On December 19, 2005, the Department of Labor, Veterans’ Employment and Training Service (“DOL”) issued final regulations that interpret the Uniformed Services Employment and Reemployment Rights Act of 1994, as amended (“USERRA”). These final USERRA regulations are effective January 18, 2006. The final USERRA regulations (“final regulations”) follow the proposed USERRA regulations that were issued on September 20, 2004 (“proposed regulations”), but clarify several issues with regard to both health and pension benefits.
Congress enacted USERRA in order to protect the rights of individuals who voluntarily or involuntarily leave their employment to serve in the uniformed services of the United States, as defined in Section 4303(16) of USERRA (“Uniformed Services”). Under USERRA, employers must provide certain employment and reemployment rights to employees who take a leave of absence in order to perform service in the Uniformed Services (also referred to as “military service”). USERRA also requires that health benefits, pension benefits and other seniority based and nonseniority based benefits and rights be protected for these employees. This article is intended to address the impact of the final regulations on an employer’s obligation to provide certain employee benefits under USERRA. Employers should consult their labor and employment counsel for guidance regarding USERRA’s employment protections.
Definition of Employer
The proposed regulations define “employer” very broadly, stating, “an employer includes any person, institution, organization or other entity that pays salary or wages for work performed or that has control over employment opportunities … including a person, institution, organization or entity to whom the employer has delegated the performance of employment-related responsibilities.” The final regulations follow the proposed regulations’ definition of “employer,” but exempt entities to which the employer has delegated purely ministerial functions. The preamble to the final regulations (“preamble”) further clarifies that the definition of “employer” is meant to be broad enough to apply to insurance companies that administer employers’ life, long-term disability or health plans. Because “employer” is defined in this manner, entities such as insurance companies and third party administrators cannot refuse to modify their policies in order for employers to comply with their obligations under USERRA.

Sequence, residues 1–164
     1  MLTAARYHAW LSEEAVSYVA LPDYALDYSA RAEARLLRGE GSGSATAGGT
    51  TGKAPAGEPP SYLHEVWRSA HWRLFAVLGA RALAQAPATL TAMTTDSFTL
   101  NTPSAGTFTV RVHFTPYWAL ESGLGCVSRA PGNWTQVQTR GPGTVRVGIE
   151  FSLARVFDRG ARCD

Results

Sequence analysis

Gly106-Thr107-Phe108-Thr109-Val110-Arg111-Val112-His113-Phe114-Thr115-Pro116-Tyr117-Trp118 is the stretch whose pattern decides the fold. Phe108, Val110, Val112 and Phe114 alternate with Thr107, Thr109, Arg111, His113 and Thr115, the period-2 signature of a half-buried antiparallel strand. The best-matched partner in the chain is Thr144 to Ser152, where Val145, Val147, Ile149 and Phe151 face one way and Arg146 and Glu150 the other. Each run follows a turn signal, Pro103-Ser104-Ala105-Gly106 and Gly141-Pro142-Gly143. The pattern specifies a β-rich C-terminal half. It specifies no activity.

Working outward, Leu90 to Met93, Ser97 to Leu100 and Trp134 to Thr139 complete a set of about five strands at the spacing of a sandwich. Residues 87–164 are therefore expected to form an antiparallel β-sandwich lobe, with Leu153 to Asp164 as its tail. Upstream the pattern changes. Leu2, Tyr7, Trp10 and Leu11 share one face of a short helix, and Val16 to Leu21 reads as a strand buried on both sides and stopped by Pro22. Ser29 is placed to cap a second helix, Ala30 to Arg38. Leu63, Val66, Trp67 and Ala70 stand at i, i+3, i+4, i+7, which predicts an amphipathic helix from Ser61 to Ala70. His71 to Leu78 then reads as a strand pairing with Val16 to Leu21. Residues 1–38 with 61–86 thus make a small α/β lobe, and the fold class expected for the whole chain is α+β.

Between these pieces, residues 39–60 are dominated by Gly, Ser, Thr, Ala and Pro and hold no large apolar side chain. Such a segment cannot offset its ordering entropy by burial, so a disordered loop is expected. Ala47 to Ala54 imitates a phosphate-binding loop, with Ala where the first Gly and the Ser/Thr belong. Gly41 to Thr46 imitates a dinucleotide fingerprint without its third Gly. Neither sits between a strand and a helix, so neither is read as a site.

Period of Service and Application for Reemployment
In general, an employee may perform service in the Uniformed Services for a cumulative period of up to five years and still retain reemployment rights with the employer. This five-year period includes only the time the employee actually spends performing military service. It does not include any period of time before an employee actually reports for military service. Nor does it include the period of time an employee is provided between the end of military service and the time the employee must report back to work or apply for reemployment. Military service with any prior employer is not included for calculation of the five-year period.
Depending on length of service, employees will be given from one to ninety days after the end of their period of military service to report back to work or apply for reemployment. However, if the employee is hospitalized for, or convalescing from, an illness or injury incurred or aggravated during military service, he or she may report to or apply for reemployment after recovering from the illness or injury. Except in circumstances beyond the employee’s control, this period must not exceed two years. The preamble clarifies that this two-year period begins on the date of completion of military service.